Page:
As real estate prices continue to soar and urban city centres are increasingly embracing the shared economy model of living, it comes as no surprise that coliving is in full bloom and a popular housing solution for many.
Determined to understand how coliving is evolving & where the movement is headed, we looked into the history of coliving, generational shifts & the growing presence of coliving schemes in the European market.
How it all began
The modern coliving model disrupting the real estate industry today is said to have originated from the basic premise of student housing. Adopting the same model of offering short-term accommodation, shared facilities and providing events for inhabitants – coliving schemes were developed to accommodate a wider demographic of people drawn to a similar, mortgage-free & flexible lifestyle. (Euromonitor, 2018)
In Europe the closest form of coliving first surfaced in Denmark in the 1970s under the “Sættedammen” initiative. A co-housing scheme, Sættedammen provided accommodation for 35 families living in private homes but sharing communal spaces & facilities. The shared spaces were used for social gatherings and everyday activities such as dining and housekeeping.
The attraction to this kind of living sparked a movement and a new standard of living for modern urbanites.
“Today, coliving offers a multitude of possibilities, ranging from people who simply live together – solely sharing the physical space – to communities who also share values, interests and a philosophy of life.” (Souza, E., 2019)
How coliving is positively impacting city life
Although an increasing number of people are opting for a solitary lifestyle – away from the traditions of living at home – studies show that young and elderly people in urban hubs are reporting feeling lonelier than ever. Social Media is not helping this problem either – unveiling that despite having a large community base online, our social networks in the “real world” are actually smaller than they were a few years ago. (SPACE10, 2018)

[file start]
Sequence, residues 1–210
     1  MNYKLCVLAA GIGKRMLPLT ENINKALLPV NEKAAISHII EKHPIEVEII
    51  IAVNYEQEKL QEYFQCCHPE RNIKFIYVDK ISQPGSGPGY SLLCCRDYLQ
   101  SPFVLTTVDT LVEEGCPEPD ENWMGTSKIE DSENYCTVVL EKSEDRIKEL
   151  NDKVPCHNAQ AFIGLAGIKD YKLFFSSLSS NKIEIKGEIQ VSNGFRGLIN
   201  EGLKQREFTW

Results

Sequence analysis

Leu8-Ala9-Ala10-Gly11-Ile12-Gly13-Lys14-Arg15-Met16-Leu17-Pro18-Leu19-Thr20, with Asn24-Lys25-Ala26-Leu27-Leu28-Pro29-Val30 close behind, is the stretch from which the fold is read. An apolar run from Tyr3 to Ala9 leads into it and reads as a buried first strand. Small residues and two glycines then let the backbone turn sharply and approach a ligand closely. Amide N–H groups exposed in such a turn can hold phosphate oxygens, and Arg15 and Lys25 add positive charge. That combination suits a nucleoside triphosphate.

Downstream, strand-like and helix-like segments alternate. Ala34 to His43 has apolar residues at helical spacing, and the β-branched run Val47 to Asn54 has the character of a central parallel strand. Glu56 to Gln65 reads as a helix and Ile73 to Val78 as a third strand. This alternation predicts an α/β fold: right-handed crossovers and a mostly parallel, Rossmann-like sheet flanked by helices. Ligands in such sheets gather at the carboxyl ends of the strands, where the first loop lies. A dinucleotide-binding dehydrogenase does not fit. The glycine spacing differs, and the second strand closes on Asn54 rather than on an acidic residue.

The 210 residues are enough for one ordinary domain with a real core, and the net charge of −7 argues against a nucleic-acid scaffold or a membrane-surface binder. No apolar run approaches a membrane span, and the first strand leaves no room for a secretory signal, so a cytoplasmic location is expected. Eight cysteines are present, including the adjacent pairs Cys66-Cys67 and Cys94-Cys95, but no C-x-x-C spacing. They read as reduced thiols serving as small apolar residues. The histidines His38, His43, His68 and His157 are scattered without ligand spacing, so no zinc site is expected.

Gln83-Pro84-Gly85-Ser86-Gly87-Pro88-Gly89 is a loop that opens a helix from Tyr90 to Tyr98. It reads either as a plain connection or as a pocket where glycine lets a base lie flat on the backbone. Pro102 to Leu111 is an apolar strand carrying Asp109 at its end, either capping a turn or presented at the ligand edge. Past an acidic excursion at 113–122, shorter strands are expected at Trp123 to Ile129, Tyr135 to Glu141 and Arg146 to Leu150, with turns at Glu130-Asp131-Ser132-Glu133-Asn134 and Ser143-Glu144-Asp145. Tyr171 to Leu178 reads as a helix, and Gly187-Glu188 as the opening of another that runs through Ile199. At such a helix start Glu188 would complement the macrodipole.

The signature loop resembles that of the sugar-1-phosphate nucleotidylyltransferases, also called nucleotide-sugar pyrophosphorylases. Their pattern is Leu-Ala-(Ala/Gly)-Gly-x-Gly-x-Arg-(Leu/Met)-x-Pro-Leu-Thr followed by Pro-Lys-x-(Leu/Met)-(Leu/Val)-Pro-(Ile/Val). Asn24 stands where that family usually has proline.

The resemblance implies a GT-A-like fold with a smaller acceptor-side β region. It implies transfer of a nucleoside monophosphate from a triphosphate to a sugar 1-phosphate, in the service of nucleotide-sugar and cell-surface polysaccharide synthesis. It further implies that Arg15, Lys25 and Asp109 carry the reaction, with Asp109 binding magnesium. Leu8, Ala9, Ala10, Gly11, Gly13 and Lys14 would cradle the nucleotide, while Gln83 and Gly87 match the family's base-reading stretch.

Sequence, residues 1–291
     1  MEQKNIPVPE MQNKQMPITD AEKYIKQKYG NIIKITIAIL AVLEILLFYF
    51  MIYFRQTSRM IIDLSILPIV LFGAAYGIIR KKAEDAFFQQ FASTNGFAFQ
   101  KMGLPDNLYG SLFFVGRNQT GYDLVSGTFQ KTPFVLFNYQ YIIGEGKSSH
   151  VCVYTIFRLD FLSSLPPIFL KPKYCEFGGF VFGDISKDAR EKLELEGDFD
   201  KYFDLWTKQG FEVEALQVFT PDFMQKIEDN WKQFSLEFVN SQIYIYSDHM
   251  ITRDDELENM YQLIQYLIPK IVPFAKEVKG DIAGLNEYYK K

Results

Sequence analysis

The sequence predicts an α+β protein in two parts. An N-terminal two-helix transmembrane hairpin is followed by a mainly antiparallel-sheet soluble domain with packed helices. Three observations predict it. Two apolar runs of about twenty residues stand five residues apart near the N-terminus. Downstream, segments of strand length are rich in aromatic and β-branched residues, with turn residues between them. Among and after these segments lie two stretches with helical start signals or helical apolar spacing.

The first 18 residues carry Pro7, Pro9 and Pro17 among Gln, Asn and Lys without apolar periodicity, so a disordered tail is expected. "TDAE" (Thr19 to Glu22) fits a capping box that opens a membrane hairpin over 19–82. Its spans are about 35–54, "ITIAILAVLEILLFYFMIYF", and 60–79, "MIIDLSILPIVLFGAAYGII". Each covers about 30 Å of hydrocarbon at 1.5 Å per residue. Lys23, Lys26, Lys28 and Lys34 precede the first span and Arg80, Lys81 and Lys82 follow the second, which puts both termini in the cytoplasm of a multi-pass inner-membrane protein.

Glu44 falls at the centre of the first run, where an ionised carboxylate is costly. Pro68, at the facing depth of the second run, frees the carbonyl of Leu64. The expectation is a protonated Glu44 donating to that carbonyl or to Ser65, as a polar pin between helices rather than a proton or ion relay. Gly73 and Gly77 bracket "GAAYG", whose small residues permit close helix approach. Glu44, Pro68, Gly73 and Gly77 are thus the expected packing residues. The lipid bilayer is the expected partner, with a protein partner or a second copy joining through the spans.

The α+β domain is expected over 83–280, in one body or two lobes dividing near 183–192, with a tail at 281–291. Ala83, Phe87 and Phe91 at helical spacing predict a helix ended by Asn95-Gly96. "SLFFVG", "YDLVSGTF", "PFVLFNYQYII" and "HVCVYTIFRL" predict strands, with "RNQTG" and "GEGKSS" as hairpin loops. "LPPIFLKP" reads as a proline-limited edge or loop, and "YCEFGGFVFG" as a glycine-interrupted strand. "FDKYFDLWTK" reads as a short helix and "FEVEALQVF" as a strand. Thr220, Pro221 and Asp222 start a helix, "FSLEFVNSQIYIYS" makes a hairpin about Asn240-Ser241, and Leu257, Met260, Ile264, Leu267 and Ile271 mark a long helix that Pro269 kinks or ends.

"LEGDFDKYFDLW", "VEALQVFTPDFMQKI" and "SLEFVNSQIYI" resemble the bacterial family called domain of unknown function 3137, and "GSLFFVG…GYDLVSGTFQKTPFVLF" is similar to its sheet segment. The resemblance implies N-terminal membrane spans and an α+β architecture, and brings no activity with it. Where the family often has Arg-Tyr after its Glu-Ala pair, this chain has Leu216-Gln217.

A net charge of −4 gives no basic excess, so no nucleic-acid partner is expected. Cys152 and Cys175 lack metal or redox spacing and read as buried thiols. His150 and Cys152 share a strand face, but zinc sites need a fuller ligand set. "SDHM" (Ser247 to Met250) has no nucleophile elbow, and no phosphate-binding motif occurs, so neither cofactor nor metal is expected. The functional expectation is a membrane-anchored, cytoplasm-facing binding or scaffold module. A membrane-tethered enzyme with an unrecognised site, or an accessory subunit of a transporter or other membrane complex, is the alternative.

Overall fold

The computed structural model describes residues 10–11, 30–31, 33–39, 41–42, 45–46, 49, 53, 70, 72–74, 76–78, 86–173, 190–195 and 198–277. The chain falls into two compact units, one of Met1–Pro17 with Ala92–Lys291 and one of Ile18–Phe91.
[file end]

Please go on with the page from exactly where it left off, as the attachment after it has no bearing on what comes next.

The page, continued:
As the city swells with anonymous faces and declining human interaction, it seems the concern of the so-called “loneliness epidemic” has already sparked major concern – so much so that in February 2018, the British government even appointed a “Minister of Loneliness”.
Coliving might not be the go-to solution for everybody, but for many it is a chance to live a happier, more socially connected life.
In fact, in a recent survey investigating how people would like to co-live in 2030, most answered that they were drawn to coliving spaces for the prospect of socialising with others, more than for affordability factors. (SPACE10, 2018)
Majority also opted for living with small communal groups of 4-10 people over 100 others, perhaps due to the increasing desire to form close-knit connections. The exception to this came from respondents who had children, expressing their preference to be part of a larger community between 10-25 people, presumably to have a bigger support network to look after their kids. (SPACE10, 2018)
What are individuals looking for in a coliving space?
In the same survey, SPACE10 uncovered what it is that people – young and old, are looking for in a coliving space.
The survey gathered 14,000 responses from 147 countries around Northern Europe, North America and Asia. Though there was an equal split of men and women, 85% of respondents were between 18–39 years old.
Amongst all the insightful findings brought to light in the survey, a key takeaway should be that coliving is no longer just for young millennial professionals and entrepreneurs, but also an attractive living option for members of the older generation.
The trends also show that there is a movement from product-focused to experience-driven real estate – not only in the creation of spaces but also in the way that real estate providers market the offering to professionals from young and older generations.
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